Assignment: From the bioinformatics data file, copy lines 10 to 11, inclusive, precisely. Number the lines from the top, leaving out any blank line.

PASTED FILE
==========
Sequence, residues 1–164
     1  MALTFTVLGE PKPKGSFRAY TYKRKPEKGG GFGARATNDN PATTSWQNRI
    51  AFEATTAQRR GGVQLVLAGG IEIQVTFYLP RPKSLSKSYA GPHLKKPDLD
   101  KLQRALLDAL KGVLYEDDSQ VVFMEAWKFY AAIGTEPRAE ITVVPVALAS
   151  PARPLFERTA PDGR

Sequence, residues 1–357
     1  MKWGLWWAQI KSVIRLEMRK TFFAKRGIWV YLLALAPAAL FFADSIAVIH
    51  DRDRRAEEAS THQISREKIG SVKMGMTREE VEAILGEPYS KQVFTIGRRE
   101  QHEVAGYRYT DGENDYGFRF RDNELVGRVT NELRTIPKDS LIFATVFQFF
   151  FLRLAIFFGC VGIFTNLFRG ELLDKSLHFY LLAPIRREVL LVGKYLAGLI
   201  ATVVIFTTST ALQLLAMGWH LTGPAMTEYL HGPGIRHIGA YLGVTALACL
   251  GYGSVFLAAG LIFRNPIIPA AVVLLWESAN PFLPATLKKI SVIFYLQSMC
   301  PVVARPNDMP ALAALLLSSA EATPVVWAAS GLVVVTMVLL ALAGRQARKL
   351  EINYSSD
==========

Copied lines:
   151  FLRLAIFFGC VGIFTNLFRG ELLDKSLHFY LLAPIRREVL LVGKYLAGLI
   201  ATVVIFTTST ALQLLAMGWH LTGPAMTEYL HGPGIRHIGA YLGVTALACL